It has now been fifteen years since the first description of AIDS was published in the medical literature. Those fifteen years have taught us many things, but above all else they have taught us that HIV disease is here to stay. Even if one or more of the HIV vaccines now in development pass the rigors of clinical trials and become available for general use, they are unlikely to be 100% effective, to provide sterilizing immunity, or to reach 100% of the population -- especially in the parts of the world that need them most. Thus far, the search for an effective vaccine has produced no truly promising candidate, and there is little expectation, at this point, that a universally effective preventive vaccine will be developed in the next decade.
This disheartening news means that, for the foreseeable future anyway, the primary tools of HIV prevention will be 1) educational efforts intended to promote social and behavioral changes, and 2) biomedical interventions such as virucides and improved barrier devices (see "New female condom provides barrier against HIV transmission"). Until such time as partially or wholly protective vaccines are widely available, healthcare professionals will have to depend upon a combination of these educational efforts and biomedical interventions to mount -- and maintain -- effective HIV prevention programs in both developed and developing countries (2, 3).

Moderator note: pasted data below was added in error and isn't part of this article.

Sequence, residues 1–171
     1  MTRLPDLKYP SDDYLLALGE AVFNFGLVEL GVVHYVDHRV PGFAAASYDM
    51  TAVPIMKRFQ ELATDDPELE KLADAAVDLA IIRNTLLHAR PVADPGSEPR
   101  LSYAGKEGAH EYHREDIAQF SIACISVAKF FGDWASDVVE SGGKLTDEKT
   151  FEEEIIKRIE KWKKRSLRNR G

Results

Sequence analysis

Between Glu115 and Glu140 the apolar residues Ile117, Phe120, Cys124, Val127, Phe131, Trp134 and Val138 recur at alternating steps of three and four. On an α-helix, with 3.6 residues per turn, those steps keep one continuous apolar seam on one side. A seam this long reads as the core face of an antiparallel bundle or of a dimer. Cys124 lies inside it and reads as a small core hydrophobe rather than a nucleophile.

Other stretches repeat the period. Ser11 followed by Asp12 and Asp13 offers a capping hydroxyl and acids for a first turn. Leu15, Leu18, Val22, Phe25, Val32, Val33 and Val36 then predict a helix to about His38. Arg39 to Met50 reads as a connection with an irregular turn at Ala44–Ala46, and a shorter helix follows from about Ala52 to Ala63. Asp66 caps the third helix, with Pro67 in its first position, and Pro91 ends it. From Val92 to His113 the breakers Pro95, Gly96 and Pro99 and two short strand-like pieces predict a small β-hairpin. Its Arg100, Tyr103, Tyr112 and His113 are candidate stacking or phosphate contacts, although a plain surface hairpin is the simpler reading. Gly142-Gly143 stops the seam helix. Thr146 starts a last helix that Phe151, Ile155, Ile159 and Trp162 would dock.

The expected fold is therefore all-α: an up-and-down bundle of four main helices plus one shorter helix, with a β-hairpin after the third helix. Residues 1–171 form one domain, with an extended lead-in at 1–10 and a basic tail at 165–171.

The rate of new HIV infections is increasing rapidly in this country among adolescents and young adults, ethnic minorities, and the urban poor. While male-to-male sex and injection drug use remain the most prominent modes of transmission, male-to-female and, less frequently, female-to-male heterosexual transmission -- always the major routes of transmission in the developing world -- are on the rise in the United States (4). In 1996, five chilling facts about the epidemiology of HIV transmission drive our prevention priorities: